But just take a quick look at the photo below, and I’m sure you can understand why people are loving these types of cabins.

Cabin by the sea

Just like with the mountain cabins, some seaside cabins lack electricity and plumbing, while others are closer to luxury houses.

Seaside cabins can be insanely expensive, especially in southern Norway or close to Oslo. In these cases. be prepared to pay at least 4 – 5 million NOK for even a small and old ocean cabin! If you want a seaside cabin at the best areas (like in Kragerø), don’t be surprised to see price tags of 15 million NOK or more!

This has lead seaside cabins to be seen as a kind of luxury cabin that are unattainable for regular, working people, and mainly for the CEOs and well-paid consultants.

Norwegian seaside cabin.

What to do in a Norwegian cabin

So what exactly do we Norwegian do when we’re staying at a cabin? The answer depends a bit on the season and type of cabin.

The universal thing to do at a cabin is to relax and enjoy yourself. Spend money and time on preparing amazing meals, spend time with your friends and family, don’t stress about regular life, and try your best to just enjoy the Norwegian nature.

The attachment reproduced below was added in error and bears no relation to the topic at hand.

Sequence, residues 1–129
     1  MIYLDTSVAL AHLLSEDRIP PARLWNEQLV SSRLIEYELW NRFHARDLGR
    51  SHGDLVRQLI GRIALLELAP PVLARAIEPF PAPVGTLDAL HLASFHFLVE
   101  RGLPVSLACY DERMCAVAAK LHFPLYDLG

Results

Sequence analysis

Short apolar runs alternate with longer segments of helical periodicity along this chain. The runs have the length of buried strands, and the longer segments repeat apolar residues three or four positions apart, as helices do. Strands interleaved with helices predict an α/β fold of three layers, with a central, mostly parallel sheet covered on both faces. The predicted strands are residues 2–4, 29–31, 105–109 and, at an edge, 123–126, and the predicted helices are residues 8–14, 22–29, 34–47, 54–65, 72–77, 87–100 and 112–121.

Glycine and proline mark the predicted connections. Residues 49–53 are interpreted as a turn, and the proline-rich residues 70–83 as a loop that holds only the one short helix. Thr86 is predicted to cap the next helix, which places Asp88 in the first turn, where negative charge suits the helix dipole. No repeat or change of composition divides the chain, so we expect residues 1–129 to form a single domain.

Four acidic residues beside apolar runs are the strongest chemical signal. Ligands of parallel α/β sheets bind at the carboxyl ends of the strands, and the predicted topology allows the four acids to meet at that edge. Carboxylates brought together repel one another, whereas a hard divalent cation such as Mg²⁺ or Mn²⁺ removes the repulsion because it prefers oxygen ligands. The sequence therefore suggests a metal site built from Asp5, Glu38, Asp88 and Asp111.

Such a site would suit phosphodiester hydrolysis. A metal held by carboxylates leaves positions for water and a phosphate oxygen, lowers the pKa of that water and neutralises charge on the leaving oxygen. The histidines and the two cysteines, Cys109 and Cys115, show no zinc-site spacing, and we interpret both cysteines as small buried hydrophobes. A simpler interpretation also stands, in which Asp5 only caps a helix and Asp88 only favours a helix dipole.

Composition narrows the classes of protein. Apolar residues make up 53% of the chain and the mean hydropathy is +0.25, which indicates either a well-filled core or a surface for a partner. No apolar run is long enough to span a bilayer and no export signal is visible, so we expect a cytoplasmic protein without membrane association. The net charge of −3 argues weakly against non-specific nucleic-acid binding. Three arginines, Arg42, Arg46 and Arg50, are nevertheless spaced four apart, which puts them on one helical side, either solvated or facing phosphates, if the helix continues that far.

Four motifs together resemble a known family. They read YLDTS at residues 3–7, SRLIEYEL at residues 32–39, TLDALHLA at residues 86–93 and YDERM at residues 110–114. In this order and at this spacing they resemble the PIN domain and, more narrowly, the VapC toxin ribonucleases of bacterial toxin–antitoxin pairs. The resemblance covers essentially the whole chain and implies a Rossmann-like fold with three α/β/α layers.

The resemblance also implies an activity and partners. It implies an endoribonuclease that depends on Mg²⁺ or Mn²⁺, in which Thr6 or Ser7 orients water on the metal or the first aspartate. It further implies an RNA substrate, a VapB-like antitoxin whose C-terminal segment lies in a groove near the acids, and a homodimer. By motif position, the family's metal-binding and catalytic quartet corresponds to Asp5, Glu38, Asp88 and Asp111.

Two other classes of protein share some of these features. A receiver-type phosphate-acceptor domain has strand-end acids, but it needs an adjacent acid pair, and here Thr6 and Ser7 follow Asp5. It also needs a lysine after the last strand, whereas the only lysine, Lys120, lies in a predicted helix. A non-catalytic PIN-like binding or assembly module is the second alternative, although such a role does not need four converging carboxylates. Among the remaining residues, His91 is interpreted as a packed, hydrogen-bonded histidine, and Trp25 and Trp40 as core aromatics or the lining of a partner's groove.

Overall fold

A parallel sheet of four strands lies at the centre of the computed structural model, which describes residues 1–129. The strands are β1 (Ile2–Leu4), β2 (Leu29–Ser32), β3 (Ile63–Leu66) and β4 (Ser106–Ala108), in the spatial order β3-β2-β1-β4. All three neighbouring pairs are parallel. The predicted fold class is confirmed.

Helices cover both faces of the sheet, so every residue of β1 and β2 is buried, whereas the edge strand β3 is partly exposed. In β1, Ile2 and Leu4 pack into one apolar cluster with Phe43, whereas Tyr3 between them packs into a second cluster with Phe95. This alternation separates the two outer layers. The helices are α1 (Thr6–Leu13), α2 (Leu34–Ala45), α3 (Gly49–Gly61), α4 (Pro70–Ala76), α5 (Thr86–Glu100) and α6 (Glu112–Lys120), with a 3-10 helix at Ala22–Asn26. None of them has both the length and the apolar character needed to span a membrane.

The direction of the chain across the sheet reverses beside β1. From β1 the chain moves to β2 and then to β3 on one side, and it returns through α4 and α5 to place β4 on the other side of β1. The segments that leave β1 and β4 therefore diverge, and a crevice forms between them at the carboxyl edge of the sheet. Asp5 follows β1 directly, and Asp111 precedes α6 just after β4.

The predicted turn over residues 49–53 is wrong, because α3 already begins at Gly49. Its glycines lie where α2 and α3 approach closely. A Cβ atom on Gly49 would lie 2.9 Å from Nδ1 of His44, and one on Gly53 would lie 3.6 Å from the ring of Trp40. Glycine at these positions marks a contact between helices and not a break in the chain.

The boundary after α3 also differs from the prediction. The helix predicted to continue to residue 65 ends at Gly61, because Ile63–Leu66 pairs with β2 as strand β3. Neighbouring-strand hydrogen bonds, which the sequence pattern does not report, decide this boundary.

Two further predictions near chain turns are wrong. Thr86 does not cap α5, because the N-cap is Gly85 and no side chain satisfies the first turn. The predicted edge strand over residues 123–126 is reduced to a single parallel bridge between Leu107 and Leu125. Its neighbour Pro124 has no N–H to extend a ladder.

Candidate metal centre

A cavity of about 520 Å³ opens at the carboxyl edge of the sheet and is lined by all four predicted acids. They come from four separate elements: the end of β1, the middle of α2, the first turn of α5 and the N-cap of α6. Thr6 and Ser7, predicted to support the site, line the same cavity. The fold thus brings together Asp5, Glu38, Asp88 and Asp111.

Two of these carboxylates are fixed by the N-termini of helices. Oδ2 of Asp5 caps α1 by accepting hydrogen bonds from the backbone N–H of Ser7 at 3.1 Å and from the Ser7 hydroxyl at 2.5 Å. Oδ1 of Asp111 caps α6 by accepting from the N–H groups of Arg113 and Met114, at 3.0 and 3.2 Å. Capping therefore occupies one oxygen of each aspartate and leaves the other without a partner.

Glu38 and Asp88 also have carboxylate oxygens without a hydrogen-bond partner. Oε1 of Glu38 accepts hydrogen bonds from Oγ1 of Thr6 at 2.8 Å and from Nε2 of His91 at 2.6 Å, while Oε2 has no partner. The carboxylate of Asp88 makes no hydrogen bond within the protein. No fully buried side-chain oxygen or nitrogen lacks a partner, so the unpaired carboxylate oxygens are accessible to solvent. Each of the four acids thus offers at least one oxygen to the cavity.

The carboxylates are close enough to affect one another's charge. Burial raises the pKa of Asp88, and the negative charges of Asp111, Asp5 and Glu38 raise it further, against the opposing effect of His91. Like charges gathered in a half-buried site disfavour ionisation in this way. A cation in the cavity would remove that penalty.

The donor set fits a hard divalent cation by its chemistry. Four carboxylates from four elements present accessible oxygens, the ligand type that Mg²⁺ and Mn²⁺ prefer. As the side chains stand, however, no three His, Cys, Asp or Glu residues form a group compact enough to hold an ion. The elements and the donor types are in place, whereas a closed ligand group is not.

Feel free to leave your phone in your room for most of the day, and try to disconnect a bit from the stress of the daily life.

And that’s pretty much it. Mountain cabins will often have a big focus on hikes in the summer and skiing in the winter, while seaside cabins will have more focus on barbecuing, swimming, boating and sunbathing.

How to act at a Norwegian cabin

I have talked with several people who have felt a bit overwhelmed by the seemingly different set of social norms applied at a cabin compared to when being invited to a regular Norwegian home, so I’m going to include a short description of how you are expected to act and what you’re expected to do at a Norwegian cabin.

Feel like home